Kanarys, Inc. and the National Bar Association Women Lawyers Division’s First of its Kind Survey Reveals 7 in 10 Black Women Lawyers Have Experienced or Witnessed Discrimination or Bias at Work

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The Women Lawyers Division (WLD) of the National Bar Association (NBA) is a section that was established in 1972 as a vehicle for women in the practice of law to address the issues and problems that particularly affect interest and concern African American women.
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Kanarys, Inc., a diversity, equity, inclusion, and belonging (DEIB) technology company focused on providing the tools organizations need to create long-term systemic change around DEIB challenges, and the Women Lawyers Division (WLD) of the National Bar Association (NBA), established in 1972 as a vehicle for women in the practice of law to address the issues and problems that particularly impact, interest, and concern Black women, today announce the results of the State of Black Women in the Law DEIB Assessment Report.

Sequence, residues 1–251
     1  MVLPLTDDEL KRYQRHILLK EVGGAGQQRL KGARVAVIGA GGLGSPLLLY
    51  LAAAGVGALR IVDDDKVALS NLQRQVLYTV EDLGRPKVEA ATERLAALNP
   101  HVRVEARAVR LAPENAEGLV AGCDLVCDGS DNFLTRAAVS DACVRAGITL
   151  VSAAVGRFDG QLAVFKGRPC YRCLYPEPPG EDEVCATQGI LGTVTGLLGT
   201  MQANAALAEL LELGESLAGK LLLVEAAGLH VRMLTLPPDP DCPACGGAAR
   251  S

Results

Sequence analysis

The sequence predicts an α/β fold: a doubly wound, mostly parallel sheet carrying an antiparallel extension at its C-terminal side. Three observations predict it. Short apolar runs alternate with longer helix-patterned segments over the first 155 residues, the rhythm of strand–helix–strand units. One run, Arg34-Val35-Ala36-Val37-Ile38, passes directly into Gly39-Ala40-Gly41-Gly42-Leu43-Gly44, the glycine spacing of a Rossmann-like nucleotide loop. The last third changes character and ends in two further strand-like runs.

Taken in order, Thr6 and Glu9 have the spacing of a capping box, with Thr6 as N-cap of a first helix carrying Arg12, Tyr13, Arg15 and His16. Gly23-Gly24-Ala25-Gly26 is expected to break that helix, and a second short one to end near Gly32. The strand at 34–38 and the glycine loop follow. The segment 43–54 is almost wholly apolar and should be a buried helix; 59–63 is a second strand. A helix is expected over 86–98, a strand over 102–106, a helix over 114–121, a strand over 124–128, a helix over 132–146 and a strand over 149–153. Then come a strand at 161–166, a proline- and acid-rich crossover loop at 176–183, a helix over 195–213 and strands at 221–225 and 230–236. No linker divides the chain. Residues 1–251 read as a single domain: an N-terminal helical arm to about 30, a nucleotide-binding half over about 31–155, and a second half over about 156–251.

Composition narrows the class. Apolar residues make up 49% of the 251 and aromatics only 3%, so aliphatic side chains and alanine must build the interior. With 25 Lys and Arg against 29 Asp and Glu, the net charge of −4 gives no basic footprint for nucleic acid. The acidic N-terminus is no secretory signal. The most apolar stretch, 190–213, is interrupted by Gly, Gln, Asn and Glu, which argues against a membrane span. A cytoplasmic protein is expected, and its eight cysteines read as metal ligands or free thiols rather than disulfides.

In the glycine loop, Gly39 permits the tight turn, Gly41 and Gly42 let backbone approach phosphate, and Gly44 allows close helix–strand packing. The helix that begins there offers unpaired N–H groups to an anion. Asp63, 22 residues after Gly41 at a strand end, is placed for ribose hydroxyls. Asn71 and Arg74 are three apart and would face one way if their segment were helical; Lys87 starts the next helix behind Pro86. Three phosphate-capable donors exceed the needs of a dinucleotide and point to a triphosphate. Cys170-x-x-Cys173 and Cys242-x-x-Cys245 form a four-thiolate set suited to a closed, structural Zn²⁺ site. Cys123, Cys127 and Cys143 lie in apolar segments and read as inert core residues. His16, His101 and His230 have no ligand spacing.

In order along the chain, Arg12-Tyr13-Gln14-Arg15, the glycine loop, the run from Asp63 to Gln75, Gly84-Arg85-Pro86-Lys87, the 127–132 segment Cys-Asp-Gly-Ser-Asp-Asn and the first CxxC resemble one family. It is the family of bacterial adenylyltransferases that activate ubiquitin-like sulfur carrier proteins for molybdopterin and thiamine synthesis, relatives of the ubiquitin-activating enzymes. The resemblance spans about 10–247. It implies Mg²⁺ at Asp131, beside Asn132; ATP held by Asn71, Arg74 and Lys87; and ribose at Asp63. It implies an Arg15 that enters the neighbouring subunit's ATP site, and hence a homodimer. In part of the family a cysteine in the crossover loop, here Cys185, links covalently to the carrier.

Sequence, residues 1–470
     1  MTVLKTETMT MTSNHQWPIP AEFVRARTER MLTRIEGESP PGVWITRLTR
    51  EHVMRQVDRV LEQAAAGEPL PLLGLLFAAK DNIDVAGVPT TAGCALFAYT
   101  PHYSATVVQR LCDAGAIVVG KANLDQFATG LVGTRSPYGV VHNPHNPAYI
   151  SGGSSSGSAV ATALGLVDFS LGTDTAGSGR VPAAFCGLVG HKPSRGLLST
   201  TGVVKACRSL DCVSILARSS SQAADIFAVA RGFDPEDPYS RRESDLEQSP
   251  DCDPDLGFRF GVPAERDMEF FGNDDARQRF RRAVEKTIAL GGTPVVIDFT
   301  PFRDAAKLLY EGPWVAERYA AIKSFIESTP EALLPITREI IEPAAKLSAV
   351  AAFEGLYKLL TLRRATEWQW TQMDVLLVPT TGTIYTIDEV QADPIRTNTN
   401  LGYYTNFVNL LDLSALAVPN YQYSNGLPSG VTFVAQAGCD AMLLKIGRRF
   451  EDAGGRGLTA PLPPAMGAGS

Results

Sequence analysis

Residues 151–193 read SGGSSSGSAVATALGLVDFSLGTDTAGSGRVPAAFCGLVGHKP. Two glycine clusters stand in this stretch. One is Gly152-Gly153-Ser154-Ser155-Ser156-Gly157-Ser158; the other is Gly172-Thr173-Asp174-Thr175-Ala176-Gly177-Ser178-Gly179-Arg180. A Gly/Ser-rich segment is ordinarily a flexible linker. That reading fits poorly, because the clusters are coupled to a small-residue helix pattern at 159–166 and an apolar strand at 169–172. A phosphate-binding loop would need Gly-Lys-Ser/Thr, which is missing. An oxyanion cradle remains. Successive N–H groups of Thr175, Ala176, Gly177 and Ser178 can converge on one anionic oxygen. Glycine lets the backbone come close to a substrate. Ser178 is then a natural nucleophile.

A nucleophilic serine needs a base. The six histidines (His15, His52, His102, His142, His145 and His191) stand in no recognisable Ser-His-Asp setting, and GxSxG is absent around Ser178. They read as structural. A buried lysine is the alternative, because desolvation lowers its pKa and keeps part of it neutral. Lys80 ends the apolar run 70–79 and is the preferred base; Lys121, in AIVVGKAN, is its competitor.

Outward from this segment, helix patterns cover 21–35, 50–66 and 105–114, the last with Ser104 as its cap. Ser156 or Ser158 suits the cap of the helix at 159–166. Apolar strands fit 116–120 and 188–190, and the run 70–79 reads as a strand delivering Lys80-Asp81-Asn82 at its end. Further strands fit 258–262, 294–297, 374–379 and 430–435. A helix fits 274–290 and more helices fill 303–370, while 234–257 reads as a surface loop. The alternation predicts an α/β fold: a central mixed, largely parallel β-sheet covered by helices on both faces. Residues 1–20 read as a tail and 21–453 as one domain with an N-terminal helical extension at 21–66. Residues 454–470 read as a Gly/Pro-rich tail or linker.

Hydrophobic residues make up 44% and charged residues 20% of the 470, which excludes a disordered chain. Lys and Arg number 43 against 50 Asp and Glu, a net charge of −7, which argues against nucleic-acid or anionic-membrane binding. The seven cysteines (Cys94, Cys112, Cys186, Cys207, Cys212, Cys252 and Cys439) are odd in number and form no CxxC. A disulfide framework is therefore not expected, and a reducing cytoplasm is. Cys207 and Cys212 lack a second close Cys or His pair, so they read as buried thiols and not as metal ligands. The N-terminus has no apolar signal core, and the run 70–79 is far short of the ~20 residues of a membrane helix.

Sponsored by the National Bar Institute, the goal of the report is to illuminate and pinpoint specific challenges of Black women attorneys on a broader scale and identify solutions for addressing those challenges. The assessment, which polled members of the NBA WLD, affiliate chapters, and other Black women’s legal organizations and networks across the country, revealed that although strides have been made, there remains more work to be done. In fact, nearly 1 in 2 participants have been tasked with educating others about DEIB (47%), even those that do not formally have a DEIB role. Further, 7 in 10 participants reported experiencing or witnessing discrimination or bias (70%), adding to the emotional burden they often carry.

Additional key takeaways from the survey include: